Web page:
Reduced specificity of goals and explanations is likely to undermine motivation toward goal attainment and impede the formation of a coherent sense of self [20]. Inflexibly abstract goal representations may have other detrimental effects. For example, it has been suggested that individuals who construe their goals more abstractly place greater value on the importance of their goals rather than goal attainment whereas individuals who construe their goals in concrete forms tend to be more focused on the process of goal attainment itself [44]. Self-regulation at an inflexibly abstract level may increase vulnerability to sad mood because minor setbacks are perceived as impediments to the core values of the self. Furthermore, depressed individuals may find it difficult to disengage from unachievable higher-order goal pursuits that they perceive as personally important, even when failing to make goal progress. In the face of repeated goal attainment failures, disengagement may be adaptive [45]. Although failure to disengage from unsuccessful goal pursuits would be expected to instigate rumination [46], this is especially likely when goals are represented at an abstract level [47]. Furthermore, the predominance of abstract representations may foster a more abstract form of rumination, which has been suggested to be a dysfunctional characteristic of depressive thinking [48]. Abstract rumination about goal pursuit may then make overgeneral representation of events more likely, feeding a vicious cycle.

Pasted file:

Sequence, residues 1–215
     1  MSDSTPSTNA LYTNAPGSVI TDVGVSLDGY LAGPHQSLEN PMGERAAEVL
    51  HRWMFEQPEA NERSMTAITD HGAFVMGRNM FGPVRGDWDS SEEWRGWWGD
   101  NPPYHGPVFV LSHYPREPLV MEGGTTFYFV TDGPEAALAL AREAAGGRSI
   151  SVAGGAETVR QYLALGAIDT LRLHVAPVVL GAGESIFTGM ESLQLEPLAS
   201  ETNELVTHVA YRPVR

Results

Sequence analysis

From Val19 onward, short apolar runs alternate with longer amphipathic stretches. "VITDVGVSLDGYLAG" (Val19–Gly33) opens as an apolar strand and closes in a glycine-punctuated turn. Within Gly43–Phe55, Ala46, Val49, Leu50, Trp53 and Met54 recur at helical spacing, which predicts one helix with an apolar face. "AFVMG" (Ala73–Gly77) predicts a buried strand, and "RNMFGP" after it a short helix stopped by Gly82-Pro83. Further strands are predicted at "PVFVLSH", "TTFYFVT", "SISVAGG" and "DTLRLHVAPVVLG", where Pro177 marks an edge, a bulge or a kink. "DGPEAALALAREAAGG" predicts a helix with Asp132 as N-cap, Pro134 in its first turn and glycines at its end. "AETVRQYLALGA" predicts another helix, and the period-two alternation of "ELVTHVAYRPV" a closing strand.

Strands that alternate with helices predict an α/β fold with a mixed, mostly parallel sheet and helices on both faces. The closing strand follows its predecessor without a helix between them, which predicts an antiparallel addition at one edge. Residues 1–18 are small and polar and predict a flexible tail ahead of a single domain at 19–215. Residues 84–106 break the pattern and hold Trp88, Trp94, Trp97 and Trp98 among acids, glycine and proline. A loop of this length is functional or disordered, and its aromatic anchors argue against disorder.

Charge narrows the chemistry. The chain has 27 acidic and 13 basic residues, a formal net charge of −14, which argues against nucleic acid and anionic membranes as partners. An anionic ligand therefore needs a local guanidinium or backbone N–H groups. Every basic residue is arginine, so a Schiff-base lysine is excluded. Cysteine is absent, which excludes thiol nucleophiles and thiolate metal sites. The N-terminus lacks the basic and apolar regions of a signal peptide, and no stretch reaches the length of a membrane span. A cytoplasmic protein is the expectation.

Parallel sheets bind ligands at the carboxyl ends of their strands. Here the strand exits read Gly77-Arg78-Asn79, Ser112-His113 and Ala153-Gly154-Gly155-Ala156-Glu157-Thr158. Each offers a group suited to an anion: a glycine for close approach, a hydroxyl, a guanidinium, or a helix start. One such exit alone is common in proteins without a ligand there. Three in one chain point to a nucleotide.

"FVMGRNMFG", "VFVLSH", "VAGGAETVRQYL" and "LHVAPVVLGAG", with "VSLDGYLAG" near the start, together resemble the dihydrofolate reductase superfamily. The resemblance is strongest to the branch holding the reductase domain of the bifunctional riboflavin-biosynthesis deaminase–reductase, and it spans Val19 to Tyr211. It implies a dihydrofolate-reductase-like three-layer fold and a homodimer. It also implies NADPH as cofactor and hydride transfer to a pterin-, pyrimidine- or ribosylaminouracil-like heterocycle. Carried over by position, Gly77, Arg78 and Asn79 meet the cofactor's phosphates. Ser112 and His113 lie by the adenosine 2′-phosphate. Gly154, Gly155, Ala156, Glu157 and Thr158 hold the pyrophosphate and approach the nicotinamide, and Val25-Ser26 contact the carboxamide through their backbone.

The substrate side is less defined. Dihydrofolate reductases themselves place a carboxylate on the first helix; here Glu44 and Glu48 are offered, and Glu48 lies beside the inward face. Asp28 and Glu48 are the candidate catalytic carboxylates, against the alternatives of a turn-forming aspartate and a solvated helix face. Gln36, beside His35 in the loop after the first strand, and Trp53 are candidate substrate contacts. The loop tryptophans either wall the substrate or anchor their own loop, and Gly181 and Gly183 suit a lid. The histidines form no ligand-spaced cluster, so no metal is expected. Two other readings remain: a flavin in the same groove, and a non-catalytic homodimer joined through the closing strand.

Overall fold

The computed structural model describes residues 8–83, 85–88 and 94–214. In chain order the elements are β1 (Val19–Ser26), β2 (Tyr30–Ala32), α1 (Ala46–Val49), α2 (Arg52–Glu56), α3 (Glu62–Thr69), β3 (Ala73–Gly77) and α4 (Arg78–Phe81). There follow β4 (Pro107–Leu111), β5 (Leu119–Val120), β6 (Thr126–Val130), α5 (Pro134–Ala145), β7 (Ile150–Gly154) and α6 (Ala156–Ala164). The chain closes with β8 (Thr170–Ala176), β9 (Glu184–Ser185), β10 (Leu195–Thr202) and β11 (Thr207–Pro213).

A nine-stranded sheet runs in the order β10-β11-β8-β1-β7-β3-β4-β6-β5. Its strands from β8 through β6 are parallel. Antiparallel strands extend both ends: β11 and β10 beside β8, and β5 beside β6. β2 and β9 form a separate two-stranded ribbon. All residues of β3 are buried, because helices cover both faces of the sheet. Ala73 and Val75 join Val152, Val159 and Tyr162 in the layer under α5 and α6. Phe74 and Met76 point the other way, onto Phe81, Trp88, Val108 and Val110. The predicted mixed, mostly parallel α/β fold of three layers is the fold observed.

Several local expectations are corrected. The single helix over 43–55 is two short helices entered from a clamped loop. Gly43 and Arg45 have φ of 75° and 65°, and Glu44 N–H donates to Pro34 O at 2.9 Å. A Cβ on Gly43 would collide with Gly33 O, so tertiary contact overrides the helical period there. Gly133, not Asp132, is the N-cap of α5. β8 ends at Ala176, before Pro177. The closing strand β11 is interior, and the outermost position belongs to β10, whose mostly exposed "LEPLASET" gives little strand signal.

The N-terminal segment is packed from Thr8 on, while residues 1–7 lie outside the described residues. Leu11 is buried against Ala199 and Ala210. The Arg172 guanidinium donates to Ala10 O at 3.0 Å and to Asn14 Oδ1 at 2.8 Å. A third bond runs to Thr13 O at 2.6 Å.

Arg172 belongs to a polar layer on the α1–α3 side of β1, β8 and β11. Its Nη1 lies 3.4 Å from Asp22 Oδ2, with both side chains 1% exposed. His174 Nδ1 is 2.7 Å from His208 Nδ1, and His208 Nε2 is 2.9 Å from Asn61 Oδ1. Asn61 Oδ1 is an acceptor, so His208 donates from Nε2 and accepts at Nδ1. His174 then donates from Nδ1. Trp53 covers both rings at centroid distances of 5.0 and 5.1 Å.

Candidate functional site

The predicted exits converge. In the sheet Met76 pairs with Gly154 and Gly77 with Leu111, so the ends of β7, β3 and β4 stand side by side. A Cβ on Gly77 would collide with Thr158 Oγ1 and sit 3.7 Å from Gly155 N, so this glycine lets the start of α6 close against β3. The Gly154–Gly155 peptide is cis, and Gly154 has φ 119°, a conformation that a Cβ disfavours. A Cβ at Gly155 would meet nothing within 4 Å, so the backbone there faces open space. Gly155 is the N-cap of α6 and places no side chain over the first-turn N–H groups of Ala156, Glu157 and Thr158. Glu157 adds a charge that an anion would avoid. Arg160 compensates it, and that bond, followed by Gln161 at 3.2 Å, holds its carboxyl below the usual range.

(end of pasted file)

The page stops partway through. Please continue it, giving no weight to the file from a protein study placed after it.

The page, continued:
We also found evidence for reduced specificity of causal explanations for goal attainment in our depressed sample. The ability to generate specific explanations for goal attainment is likely to be an essential determinant in motivating goal-directed behaviour, because the person can more readily simulate the desired outcome [33]. These simulations increase expectancies of success, which then increase motivation [31]. Specific explanations may even mitigate the self-regulatory challenges of abstract goals. For example, a general goal ‘to be happy’ may be realised if a person can identify specific reasons to explain why their goal will be achieved (e.g., ‘because I have close supportive friends that I socialise with each week’). For the most part, however, our results showed that depressed individuals had a propensity to generate abstract explanations for and against goal attainment and these may themselves reinforce abstract goal representations. The capacity to define specific reasons for, and against, goal success is arguably a more cognitively taxing task for abstract than for specific goals. A related possibility is that reduced specificity of causal explanations may undermine a person's ability to learn from goal success and failure, hindering successful self-regulation. Although our results revealed that depressed and never-depressed individuals did not differ significantly in their ability to generate specific reasons for attaining avoidance goals, we believe that interpretation of this finding should await replication.